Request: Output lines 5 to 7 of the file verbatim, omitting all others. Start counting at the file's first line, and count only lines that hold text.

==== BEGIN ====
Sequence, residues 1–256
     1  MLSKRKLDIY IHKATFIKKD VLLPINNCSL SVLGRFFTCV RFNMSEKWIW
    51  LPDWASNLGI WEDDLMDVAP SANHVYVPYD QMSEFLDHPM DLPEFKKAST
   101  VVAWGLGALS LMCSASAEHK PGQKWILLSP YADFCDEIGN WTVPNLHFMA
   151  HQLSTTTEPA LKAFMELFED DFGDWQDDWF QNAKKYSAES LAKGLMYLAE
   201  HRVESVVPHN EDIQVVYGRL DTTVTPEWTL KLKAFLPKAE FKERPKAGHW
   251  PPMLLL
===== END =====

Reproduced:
   151  HQLSTTTEPA LKAFMELFED DFGDWQDDWF QNAKKYSAES LAKGLMYLAE
   201  HRVESVVPHN EDIQVVYGRL DTTVTPEWTL KLKAFLPKAE FKERPKAGHW
   251  PPMLLL